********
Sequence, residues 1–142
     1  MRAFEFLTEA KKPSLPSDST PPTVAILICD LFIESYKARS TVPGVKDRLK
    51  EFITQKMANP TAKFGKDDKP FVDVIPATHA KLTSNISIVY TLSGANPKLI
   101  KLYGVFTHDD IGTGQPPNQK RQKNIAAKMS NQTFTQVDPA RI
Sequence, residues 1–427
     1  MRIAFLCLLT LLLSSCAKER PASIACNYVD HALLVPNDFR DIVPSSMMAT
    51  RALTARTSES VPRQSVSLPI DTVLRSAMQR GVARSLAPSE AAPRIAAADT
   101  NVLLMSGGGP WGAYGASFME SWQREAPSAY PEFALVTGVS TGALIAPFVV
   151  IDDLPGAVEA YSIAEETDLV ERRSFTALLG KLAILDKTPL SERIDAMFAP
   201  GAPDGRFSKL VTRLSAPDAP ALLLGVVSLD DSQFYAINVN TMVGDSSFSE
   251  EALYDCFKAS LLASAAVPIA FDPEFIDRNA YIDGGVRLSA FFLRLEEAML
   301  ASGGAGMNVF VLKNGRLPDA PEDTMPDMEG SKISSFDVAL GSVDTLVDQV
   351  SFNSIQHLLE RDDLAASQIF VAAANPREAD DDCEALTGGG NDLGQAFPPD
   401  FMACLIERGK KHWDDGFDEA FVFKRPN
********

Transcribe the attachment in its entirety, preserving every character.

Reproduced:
Sequence, residues 1–142
     1  MRAFEFLTEA KKPSLPSDST PPTVAILICD LFIESYKARS TVPGVKDRLK
    51  EFITQKMANP TAKFGKDDKP FVDVIPATHA KLTSNISIVY TLSGANPKLI
   101  KLYGVFTHDD IGTGQPPNQK RQKNIAAKMS NQTFTQVDPA RI
Sequence, residues 1–427
     1  MRIAFLCLLT LLLSSCAKER PASIACNYVD HALLVPNDFR DIVPSSMMAT
    51  RALTARTSES VPRQSVSLPI DTVLRSAMQR GVARSLAPSE AAPRIAAADT
   101  NVLLMSGGGP WGAYGASFME SWQREAPSAY PEFALVTGVS TGALIAPFVV
   151  IDDLPGAVEA YSIAEETDLV ERRSFTALLG KLAILDKTPL SERIDAMFAP
   201  GAPDGRFSKL VTRLSAPDAP ALLLGVVSLD DSQFYAINVN TMVGDSSFSE
   251  EALYDCFKAS LLASAAVPIA FDPEFIDRNA YIDGGVRLSA FFLRLEEAML
   301  ASGGAGMNVF VLKNGRLPDA PEDTMPDMEG SKISSFDVAL GSVDTLVDQV
   351  SFNSIQHLLE RDDLAASQIF VAAANPREAD DDCEALTGGG NDLGQAFPPD
   401  FMACLIERGK KHWDDGFDEA FVFKRPN